CLIENT RELATIONSHIP SUMMARY
January 1st, 2021
Dorato Capital Management, LLC (Dorato) is a fee-only investment adviser – we charge a fee for our advice, and we do not make any money from selling securities or selling other investment products. Fees and services provided by brokerages and investment advisory firms differ, and it is important for the retail investor to understand these differences. Free and simple tools are available at Investor.gov/CRS to research firms and financial professionals. The site also provides educational materials about broker-dealers, investment advisers, and investing.
What Investment Services and Advice Can You Provide Me?
Dorato provides investment management services to retail investors. The specific service varies by client. Some clients want to own individual stocks; some want to own index funds. Some clients want only stocks; others want an allocation to stocks and bonds based upon their risk and return preferences. Most of the accounts managed by Dorato own individual stocks, and use bond index funds for any part of the account invested in bonds. Dorato is a value-based investor, which means that the price you pay for something is important. This is in contrast to growth or momentum-style investors.
The investment management service includes monitoring and reporting. We update accounts daily and review them at least monthly, and we provide reports and a newsletter quarterly. Dorato has discretionary authority over the accounts it manages, which means that we make the decision regarding which assets to buy or sell. Dorato uses an investment policy statement to provide guidelines for the use of its discretionary authority, so both Dorato and the client agree in advance on how the account should be managed. Dorato has set an account minimum of $100,000 for retail investors. However, Dorato does manage several accounts below that amount. Dorato also provides financial planning. To date, this financial planning has primarily been retirement planning, and not comprehensive financial planning. Dorato also completes tax returns for some clients.
Given my financial situation, should I choose an investment advisory service? Why or why not? If you have the interest and the desire, you can manage your money yourself, especially if you use index funds. If you feel you need some help, especially over an extended time, then we think you should choose a good investment adviser to help you.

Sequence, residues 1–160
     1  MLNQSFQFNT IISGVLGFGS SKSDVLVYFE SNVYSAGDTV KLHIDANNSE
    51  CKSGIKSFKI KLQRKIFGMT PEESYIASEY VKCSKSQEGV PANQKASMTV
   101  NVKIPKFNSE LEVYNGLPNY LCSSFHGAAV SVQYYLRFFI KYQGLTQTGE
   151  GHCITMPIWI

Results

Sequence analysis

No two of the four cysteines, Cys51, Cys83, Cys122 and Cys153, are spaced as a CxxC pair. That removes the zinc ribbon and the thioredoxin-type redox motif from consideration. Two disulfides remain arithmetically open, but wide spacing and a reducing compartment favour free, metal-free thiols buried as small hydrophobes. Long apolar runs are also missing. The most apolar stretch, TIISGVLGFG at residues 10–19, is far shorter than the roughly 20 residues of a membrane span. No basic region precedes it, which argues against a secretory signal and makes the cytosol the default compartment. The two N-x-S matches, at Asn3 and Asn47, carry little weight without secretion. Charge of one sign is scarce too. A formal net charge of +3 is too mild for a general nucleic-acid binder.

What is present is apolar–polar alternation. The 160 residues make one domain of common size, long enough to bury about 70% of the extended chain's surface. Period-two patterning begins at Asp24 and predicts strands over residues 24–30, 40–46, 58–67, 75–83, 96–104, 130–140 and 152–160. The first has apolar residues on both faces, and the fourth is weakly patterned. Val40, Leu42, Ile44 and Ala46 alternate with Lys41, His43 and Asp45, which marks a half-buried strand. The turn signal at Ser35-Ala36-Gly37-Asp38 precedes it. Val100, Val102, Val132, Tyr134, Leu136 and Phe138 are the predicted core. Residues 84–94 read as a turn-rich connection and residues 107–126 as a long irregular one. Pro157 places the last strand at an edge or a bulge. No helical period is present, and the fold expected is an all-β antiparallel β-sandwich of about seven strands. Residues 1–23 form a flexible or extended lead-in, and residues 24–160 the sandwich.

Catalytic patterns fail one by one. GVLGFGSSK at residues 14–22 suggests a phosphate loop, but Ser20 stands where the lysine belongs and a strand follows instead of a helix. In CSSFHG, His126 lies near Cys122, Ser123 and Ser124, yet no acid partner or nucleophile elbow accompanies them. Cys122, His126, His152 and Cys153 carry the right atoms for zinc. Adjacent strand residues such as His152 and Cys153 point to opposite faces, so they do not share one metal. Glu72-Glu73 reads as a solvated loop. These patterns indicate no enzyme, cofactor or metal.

How will you choose investments to recommend to me? After some discussion, we and you will agree on a suitable allocation for you. After that, we will make the decisions regarding specific investments. We will not recommend each investment for your approval.
What is your relevant experience, including your licenses, education and other qualifications? What do these qualifications mean? Steve has the Chartered Financial Analysis, Certified Financial Planner, and Enrolled Agent designations. These are professional designations for financial analysis, financial planning, and tax preparation. For more information on Steve’s qualifications, please see our Form ADV.
Fees, Conflicts and Standard of Conduct
Dorato charges an asset-based management fee, as a percentage of assets under management. For accounts with individual stocks, this fee is 0.40% per year. The fee is calculated and paid at the beginning of each quarter (0.10%), based on the assets at the end of the prior quarter. For all assets other than individual stocks, the fee is 0.20% per year (0.05% per quarter). The fee is deducted directly from your account via the custodian (e.g. Charles Schwab), and you receive notification of the billed amount. If we do not have an arrangement with your custodian, or if you prefer, you can be billed separately. Dorato charges an asset-based fee at these levels because Dorato and you should both benefit when the account grows, and both see a reduction when the account falls in value. This way our interests are aligned. But the fee should be as small as possible because you pay it every quarter. You will pay fees and costs whether you make or lose money on your investments. Fees and costs will reduce any amount of money you make on your investments over time. Please make sure you understand what fees and costs you are paying.